Helzberg Hall, Kauffman Center for the Performing Arts, was the venue, Wednesday, June 11, 2014, for a most entertaining educational event, Inside Music Series with Ben Folds and the Kansas City Symphony. Mr. Folds, an accomplished rock musician, played movement two and three of his unconventional "Concerto for Piano and Orchestra," with the Kansas City Symphony; then he joined associate conductor Aram Demirjian on stage for an informal question and answer session with the students who were assembled in Helzberg Hall.
Bathed in red lighting with silhouetted shapes projected on the back stage wall, Mr. Folds played the piano conventionally, at times, but, at other times, he was leaning over the keyboard while strumming the piano strings as if he were playing a flat, oversized, guitar, or, holding his hands on some strings as he stroked the keys, to get plink-zing effect as he released the hold pedal or took his hand off of the strings. The orchestra was not asked for odd playing of its instruments, but the percussion section was kept busy. As to the marriage of the rock musician on the piano with the symphony orchestra, nothing seemed out of place; there was music of an unusual nature, but it fit together well; enough said.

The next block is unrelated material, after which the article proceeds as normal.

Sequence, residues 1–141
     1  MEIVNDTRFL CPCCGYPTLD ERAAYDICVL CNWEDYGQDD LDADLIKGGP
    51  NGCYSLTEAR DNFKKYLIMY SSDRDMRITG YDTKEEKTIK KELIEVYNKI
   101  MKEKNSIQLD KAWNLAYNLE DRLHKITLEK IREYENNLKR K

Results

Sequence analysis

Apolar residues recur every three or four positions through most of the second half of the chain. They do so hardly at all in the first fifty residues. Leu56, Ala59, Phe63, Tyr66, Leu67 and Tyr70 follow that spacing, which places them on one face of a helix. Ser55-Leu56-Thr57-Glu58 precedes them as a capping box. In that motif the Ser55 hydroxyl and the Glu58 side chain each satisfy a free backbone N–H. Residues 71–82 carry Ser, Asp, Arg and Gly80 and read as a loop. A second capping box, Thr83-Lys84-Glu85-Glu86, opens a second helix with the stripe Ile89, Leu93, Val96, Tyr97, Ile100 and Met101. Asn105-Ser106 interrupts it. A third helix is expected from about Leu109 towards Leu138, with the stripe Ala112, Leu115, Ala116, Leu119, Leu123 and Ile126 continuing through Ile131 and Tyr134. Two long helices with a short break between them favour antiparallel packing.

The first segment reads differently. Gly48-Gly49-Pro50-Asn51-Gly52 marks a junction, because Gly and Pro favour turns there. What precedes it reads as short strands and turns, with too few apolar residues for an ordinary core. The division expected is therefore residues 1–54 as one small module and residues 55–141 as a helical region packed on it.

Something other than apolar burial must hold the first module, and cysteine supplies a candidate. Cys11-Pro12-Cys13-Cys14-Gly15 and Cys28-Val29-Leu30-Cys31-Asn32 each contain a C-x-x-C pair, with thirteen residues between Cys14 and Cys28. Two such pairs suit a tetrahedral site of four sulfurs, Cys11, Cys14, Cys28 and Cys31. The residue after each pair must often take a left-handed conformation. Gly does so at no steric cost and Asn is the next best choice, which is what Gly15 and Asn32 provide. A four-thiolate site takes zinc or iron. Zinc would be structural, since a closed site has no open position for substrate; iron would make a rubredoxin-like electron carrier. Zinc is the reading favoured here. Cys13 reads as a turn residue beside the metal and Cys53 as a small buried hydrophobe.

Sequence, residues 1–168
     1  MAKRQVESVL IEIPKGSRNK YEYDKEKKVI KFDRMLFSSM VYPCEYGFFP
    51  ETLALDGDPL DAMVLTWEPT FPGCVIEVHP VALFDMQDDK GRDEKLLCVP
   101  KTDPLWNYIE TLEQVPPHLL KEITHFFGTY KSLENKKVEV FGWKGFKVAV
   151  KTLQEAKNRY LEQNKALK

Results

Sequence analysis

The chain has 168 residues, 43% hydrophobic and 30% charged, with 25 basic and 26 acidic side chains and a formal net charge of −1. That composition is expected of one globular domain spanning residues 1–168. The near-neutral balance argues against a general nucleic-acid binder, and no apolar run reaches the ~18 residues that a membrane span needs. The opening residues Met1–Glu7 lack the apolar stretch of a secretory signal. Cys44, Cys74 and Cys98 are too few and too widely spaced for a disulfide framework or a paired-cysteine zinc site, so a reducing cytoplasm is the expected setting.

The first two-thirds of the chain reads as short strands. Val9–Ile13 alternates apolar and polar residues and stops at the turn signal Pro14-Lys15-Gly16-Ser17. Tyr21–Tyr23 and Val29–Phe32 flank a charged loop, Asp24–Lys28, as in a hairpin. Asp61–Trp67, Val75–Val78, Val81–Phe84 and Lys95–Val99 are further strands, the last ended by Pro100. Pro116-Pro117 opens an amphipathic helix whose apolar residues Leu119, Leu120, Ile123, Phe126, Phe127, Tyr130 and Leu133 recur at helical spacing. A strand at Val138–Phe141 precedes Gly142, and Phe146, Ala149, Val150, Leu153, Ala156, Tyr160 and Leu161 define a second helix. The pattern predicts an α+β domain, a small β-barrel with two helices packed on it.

The very active question and answer period took most of the allotted time. Mr. Folds was asked how he gets his melodic ideas; he answered that he frequently hums to himself until he is able to record the ideas. Aram Demirjian quipped that when he is thinking music, he conducts with no one in front of him, which some people might find a little eccentric.
When asked which of his own songs is his favorite, he responded that his most recent piece is usually his favorite. He could not name the one song in the world that was his favorite.
The students were able to witness an accomplished musician interacting with a first-rate orchestra on music that might be more accessible to this age group than is normally heard from this stage. They were introduced to the concept that music is music; that it is creativity, that the sources vary and the results are as individualized as there are people making it.
The students appeared to have been introduced to Mr. Folds' music and background and were eager to talk with him. Having an open conversation with him gave them the opportunity to develop a realistic sense of professional musicians, that they are flesh and blood, and not really so different from other people whom they know.